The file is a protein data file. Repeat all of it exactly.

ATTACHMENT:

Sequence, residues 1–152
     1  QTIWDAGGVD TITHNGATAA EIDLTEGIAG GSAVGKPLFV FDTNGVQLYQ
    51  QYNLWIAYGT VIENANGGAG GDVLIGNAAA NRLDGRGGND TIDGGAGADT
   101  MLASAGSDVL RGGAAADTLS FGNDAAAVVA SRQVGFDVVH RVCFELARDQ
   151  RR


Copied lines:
Sequence, residues 1–152
     1  QTIWDAGGVD TITHNGATAA EIDLTEGIAG GSAVGKPLFV FDTNGVQLYQ
    51  QYNLWIAYGT VIENANGGAG GDVLIGNAAA NRLDGRGGND TIDGGAGADT
   101  MLASAGSDVL RGGAAADTLS FGNDAAAVVA SRQVGFDVVH RVCFELARDQ
   151  RR